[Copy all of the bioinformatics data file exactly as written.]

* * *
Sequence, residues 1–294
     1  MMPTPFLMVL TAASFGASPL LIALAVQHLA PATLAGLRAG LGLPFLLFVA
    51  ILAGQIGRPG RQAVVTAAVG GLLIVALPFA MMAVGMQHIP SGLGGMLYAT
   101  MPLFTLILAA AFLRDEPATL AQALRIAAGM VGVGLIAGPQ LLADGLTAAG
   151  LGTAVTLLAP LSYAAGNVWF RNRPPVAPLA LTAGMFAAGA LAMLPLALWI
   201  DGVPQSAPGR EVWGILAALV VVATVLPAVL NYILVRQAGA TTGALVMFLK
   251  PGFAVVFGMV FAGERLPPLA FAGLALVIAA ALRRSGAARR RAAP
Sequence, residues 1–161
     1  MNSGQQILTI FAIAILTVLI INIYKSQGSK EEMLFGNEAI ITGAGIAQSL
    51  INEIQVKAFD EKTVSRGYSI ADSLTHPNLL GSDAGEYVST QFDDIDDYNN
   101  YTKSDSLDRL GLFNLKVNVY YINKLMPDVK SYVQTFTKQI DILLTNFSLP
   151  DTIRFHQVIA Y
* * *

Sequence, residues 1–294
     1  MMPTPFLMVL TAASFGASPL LIALAVQHLA PATLAGLRAG LGLPFLLFVA
    51  ILAGQIGRPG RQAVVTAAVG GLLIVALPFA MMAVGMQHIP SGLGGMLYAT
   101  MPLFTLILAA AFLRDEPATL AQALRIAAGM VGVGLIAGPQ LLADGLTAAG
   151  LGTAVTLLAP LSYAAGNVWF RNRPPVAPLA LTAGMFAAGA LAMLPLALWI
   201  DGVPQSAPGR EVWGILAALV VVATVLPAVL NYILVRQAGA TTGALVMFLK
   251  PGFAVVFGMV FAGERLPPLA FAGLALVIAA ALRRSGAARR RAAP
Sequence, residues 1–161
     1  MNSGQQILTI FAIAILTVLI INIYKSQGSK EEMLFGNEAI ITGAGIAQSL
    51  INEIQVKAFD EKTVSRGYSI ADSLTHPNLL GSDAGEYVST QFDDIDDYNN
   101  YTKSDSLDRL GLFNLKVNVY YINKLMPDVK SYVQTFTKQI DILLTNFSLP
   151  DTIRFHQVIA Y